Depending on how the court rules, the case could have sweeping implications for the promotional products industry. Should the court side with tax officials, will teams and other businesses in Ohio be discouraged from investing in branded merchandise for game-day promotions and, indeed, other events because they don't want to pay taxes on the items? Could an Ohio ruling in favor of the tax commissioner's findings influence other states to enforce similar actions? Stay tuned.

Beach Town Considers Towel Ban

A tiny coastal town on Italian island Sardinia has proposed a ban on beach towels and large beach bags, in an effort to preserve the sand dunes at La Pelosa beach. The popular Mediterranean beach attracts thousands of tourists each day during peak season, many of whom leave with sand-caked accessories.

"We didn't come up with the idea of banning towels," Stintino Mayor Antonio Diana told La Repubblica. "The entire plan is based on scientific studies that indicate towels as one of the biggest dangers, since when they're damp they retain a lot of sand. This isn't some airy-fairy idea."

Instead of towels, beachgoers would be able to rent folding chairs, mats and reusable see-through bags.

La Pelosa is also scheduled for a number renovations to begin after the summer of 2019, including removing the road that leads to the beach and replacing it with pedestrian paths and bicycle lanes. The plan also calls for installing a new raised walkway along the beach to keep pedestrians off the sand dunes.

Last year, La Pelosa was ranked one of the top 10 beaches in Italy by Trip Advisor. Diana said he's not ruling anything out to protect and preserve the popular beach.

Backlash Over Walmart T-Shirts Portraying Negative Ethnic Stereotype

A New York man of Irish ancestry is calling for a boycott of Walmart's online store because the retailer's website is selling St. Patrick's Day-themed tees that feature images and messaging that promote negative stereotypes about Irish people being drunks.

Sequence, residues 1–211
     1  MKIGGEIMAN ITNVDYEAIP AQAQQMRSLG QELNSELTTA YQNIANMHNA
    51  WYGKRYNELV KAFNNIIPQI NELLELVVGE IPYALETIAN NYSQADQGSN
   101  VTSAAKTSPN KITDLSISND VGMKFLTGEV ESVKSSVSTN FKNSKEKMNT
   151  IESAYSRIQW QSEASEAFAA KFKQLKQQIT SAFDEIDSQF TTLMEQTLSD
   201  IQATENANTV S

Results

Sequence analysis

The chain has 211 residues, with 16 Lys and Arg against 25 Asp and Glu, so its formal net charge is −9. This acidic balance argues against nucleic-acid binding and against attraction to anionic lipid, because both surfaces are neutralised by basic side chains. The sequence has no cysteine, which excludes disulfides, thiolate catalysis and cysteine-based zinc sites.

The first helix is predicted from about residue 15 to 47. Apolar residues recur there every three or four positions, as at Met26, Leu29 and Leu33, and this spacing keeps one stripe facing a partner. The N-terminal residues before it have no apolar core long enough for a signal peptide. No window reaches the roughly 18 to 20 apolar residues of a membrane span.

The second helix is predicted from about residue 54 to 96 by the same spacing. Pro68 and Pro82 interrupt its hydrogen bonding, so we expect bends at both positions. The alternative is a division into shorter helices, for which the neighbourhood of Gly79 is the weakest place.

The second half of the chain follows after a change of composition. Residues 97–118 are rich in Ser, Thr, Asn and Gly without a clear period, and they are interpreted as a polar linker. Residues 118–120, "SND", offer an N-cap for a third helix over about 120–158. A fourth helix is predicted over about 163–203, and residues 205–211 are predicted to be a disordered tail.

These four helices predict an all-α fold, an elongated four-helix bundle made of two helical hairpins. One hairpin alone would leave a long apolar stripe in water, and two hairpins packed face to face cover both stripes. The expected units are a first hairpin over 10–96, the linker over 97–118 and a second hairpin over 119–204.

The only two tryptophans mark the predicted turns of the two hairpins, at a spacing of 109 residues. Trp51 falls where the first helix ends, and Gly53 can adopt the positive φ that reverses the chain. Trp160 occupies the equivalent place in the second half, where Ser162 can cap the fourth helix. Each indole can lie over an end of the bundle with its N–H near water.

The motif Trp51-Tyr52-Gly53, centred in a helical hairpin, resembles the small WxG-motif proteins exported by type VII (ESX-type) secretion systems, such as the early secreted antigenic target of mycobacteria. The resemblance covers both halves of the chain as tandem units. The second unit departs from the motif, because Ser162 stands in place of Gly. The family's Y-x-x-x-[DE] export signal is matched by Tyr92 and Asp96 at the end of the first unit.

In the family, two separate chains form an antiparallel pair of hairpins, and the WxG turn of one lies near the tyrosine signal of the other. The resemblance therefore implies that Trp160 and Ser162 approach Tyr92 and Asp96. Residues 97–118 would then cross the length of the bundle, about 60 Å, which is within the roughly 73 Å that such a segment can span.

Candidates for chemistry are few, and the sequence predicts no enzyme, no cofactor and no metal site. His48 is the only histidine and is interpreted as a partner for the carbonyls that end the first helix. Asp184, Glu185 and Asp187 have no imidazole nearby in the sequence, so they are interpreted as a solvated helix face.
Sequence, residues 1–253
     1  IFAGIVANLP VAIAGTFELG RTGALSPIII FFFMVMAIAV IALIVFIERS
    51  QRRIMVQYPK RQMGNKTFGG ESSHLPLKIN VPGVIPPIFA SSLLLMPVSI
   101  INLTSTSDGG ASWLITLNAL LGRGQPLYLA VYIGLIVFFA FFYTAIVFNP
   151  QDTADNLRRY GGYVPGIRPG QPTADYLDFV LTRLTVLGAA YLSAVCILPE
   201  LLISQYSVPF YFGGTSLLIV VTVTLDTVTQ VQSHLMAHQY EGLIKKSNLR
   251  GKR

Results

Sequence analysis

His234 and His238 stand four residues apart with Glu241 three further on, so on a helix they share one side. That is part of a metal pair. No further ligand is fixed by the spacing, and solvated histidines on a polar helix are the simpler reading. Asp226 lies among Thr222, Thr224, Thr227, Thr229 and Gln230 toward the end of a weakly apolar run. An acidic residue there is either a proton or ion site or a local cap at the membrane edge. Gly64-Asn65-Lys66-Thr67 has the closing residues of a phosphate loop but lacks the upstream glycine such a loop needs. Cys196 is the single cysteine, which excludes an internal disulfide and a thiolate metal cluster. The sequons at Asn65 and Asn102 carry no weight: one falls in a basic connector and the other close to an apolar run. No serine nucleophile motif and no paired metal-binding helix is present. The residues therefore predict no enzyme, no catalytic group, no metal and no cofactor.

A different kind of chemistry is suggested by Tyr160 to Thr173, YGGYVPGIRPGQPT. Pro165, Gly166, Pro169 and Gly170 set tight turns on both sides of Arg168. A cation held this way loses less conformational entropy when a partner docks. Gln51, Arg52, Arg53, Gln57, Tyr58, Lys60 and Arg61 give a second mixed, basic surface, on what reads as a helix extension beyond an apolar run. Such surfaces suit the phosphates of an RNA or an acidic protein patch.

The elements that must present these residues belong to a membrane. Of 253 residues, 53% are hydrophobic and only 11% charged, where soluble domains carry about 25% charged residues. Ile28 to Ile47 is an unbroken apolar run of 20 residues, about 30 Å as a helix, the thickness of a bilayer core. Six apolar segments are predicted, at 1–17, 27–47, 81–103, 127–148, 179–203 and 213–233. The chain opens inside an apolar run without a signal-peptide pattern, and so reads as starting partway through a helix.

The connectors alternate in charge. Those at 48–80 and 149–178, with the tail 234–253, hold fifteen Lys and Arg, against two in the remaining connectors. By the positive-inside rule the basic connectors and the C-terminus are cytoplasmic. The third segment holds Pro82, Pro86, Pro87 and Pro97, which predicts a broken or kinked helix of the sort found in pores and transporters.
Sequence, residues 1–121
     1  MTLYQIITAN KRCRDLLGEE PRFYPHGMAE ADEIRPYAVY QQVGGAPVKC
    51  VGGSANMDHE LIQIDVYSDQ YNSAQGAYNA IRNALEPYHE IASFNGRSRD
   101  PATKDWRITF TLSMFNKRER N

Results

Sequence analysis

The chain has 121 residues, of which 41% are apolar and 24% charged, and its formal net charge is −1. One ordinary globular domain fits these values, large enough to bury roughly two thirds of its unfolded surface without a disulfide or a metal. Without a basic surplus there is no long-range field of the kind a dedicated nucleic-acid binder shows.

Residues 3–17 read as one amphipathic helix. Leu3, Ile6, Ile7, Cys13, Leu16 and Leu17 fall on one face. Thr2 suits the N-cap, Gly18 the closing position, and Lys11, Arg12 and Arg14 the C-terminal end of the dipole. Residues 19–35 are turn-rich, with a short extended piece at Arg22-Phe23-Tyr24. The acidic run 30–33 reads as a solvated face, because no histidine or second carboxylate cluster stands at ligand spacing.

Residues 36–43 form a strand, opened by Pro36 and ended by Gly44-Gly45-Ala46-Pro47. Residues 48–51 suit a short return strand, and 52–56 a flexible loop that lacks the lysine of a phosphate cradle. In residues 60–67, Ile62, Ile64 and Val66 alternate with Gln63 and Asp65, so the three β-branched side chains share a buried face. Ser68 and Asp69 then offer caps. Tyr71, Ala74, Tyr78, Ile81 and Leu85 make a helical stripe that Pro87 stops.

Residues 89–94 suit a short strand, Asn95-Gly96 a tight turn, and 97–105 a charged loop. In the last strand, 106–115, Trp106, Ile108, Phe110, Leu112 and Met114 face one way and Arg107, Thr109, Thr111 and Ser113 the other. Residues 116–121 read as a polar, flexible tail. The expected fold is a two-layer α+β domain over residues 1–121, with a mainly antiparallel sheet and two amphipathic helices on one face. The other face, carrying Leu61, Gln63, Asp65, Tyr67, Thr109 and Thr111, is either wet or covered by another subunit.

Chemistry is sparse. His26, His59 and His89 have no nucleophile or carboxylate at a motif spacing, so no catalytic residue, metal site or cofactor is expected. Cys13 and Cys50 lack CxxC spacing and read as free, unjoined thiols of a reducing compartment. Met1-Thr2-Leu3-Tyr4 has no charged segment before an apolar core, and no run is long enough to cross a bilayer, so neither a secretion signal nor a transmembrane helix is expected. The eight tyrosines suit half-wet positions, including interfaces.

After Kevin Westley, a radio show host and Irish dance instructor from Long Island, found a slew of shirts on Walmart.com that bore such portrayals, he began calling for the boycott. A search for "St. Patrick's Day shirts drunk" on Walmart.com makes it evident that Westley isn't making things up. See pictures below for examples from the site.

Back in 2015, Westley took up a similar cause when he bought hundreds of St. Patrick's Day T-shirts with stereotypical portrayals that were on sale at his local Walmart – just to clear them from the shelves. He then returned the tees on March 18. Westley's actions gained ample media attention and led at least a couple Walmarts in his area to desist in carrying such shirts.

Still, tees like "Kiss Me I'm Irish or Drunk or Whatever" and "Loud Proud Drunk Irish" remain available for purchase on Walmart.com. And, Westley wants to change that.

"All stereotypes are bad, regardless what group they demean," Westley states, according to IrishCentral. "Think of the thousands of job or housing opportunities that have been lost because of them. If you agree with me, please call Walmart corporate office on their toll-free line at 1-800-925-6278. Better yet, 'contact' them at https://help.walmart.com/ and let them know what you think about these T-shirts."

Westley has stated that, so far, Walmart has not replied to him.

IrishCentral has thrown support behind Westley, and encouraged site visitors to confront other retailers about St. Patrick's Day-related merchandise they find offensive. Suggestions include asking stores to remove the merchandise, while explaining that St. Patrick's Day is a holy day in Ireland and asking stores if they "would sell offensive stereotypical T-shirts for Dr. Martin Luther King Jr. Day, Puerto Rican Day, St. Joseph's Day, etc."

If retailers refuse to remove the merchandise, IrishCentral suggests taking a page from Westley's book and buying up the merch, then returning it after St. Patrick's Day.

Company Aims To Revolutionize The 'Swag Bag'

Another disruptor has entered the promotional products industry, with her sights set on revolutionizing the swag bag. How? With what some are calling the anti-swag swag bag.

Lynne Lambert is the founder of the popular NYC Subway Line collection of mass-transit merchandise. From T-shirts and hoodies to hats and backpacks, her brand of clothing and accessories pays tribute to the Big Apple and all of its iconic elements. She has taken that same geographical approach with her new company: Mapt Gear.

"Many of us are not comfortable being a free walking advertisement for a company," Lambert told Adweek, "and many companies aren't doing anything more than putting logos in big text across the products. So I think there's room for a very tasteful product to come in."